Editor’s Note: This post is republished with permission from Trust Insights, a company that helps marketers solve/achieve issues with collecting data and measuring their digital marketing efforts.
As a marketer, your sole focus should be how to reach your audience. In the digital space, the way that you can reach people is constantly evolving.
Your marketing plans involve methods to engage with people on different platforms, build brand awareness, and understand behaviors that lead to purchases. Depending on your products and services, who you’re selling to and where you find your audience will change. The two segments that marketers consider are B2B and B2C. B2B, or “business to business” means that you are marketing and selling your services to another company, whereas B2C or “business to consumer” means that you are marketing and selling directly to the end user, typically one individual.
However, there is a third segment that needs to be considered to reach the right audience, B2M. In digital marketing, you need to consider the Business to Machine segment. No, the machine isn’t the decision maker or the end user, but the machine is the gatekeeper that will prevent you from reaching your audience. As AI gets smarter, the algorithms that each platform contains gets more complex and are harder to get through. Some algorithms are powered by more engagement, some by the right combination of words, others are pay to play. It’s like trying to untangle a knot that keeps retying itself.
Each of the main areas of marketing has some kind of machine that you need to market to before your audience becomes aware of your content:
When someone plugs a set of keywords into a search engine, they are looking for information about that particular topic. The goal is to have your content served up in the results. Search is more than just picking out a keyword and highlighting it in your blog post. Your content needs to also have the correct structure, length, format, images, links, etc. Google, for example, changes how its algorithm serves up content a few times a year. Your content is competing against billions of other pieces of content, so understanding how the algorithm returns content and having a plan for SEO is critical.
With email marketing, your goal is to reach the top of someone’s inbox and have a subject line that makes them want to open your content. Before your audience even sees your email, you need to make sure that your content won’t get lost in the void of spam filters. Billions of emails are sent every day, and almost half of those emails are considered spam by the machines. As people are receiving more and more junk email, spam filters are getting savvier to block anything that seems even slightly malicious or dangerous.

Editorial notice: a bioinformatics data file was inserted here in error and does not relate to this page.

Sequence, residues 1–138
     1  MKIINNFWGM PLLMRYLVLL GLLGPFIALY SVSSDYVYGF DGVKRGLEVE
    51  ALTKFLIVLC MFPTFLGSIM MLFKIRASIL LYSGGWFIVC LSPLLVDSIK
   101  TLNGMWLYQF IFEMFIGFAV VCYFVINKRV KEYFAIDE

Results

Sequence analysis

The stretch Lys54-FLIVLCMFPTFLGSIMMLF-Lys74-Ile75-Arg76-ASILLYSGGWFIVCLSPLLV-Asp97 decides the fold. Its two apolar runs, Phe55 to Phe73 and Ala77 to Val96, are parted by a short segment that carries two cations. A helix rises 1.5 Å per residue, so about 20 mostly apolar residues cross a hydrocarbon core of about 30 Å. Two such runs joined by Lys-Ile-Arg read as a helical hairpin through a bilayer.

Social media is a beast unto itself with multiple platforms, millions of users in the United States and billions worldwide. The algorithms that power these platforms behave a lot like a search engine and change more frequently. Depending on where social media falls in your customer journey you might be using it for brand awareness or for conversions. Each tactic will be approached differently, and all are dependent on getting through the tangle of rules that the algorithm puts in place. You can publish 10 posts a day on Facebook, and your audience only sees 1 of those posts. Some social platforms don’t show content chronologically, it’s shown by how much engagement it’s received. Snapchat, for instance, has a short shelf life and the content is on a timer.
With paid ads, your goal is to reach your audience without breaking the bank. There are companies that throw millions of dollars into digital ads on a regular basis, but don’t get great results. Spending money doesn’t necessarily mean you are guaranteed impressions, engagement, or clicks. You’re competing with other companies that want to reach the same audience with their ads. Within Google AdWords for example, your ads are shown according to how good your quality score is. The quality score is an estimate of how relevant your ads, keywords, and landing pages are to a person who sees your ad. A higher quality score typically leads to lower costs and better ad positions. You also need to consider how specific your targeting is, whether it’s keyword or interest-based, or if you’re able to do retargeting on people who have previously visited your content. With everyone jockeying for the same attention, machines are actively creating a bidding war between companies for ad space, driving costs up and diminishing results.
Long, long gone are the days of posting a blog or an article and being confident that it will be seen. There is too much content being produced on a daily basis for humans to be able to manually sort through and serve up. That’s why algorithms exist, to take the burden off of the person and churn through the results automatically. That said, you the marketer need to be as smart, if not smarter, than the machines. Using tools, such as a predictive forecast will help you stay ahead and make sure you have the right content at the right time. You also need to do your research and see how the algorithms in your chosen platforms are working and if there have been any major changes to how they actively block you from reaching your audience. Adopting methods, such as agile marketing, will allow you to stay nimble and pivot your plan as you discover what is and isn’t reaching your audience. If you’re not marketing to the machine first and your target audience second, you’re not going to get the results you so desire.
Katie Robbert is CEO and cofounder at Trust Insights.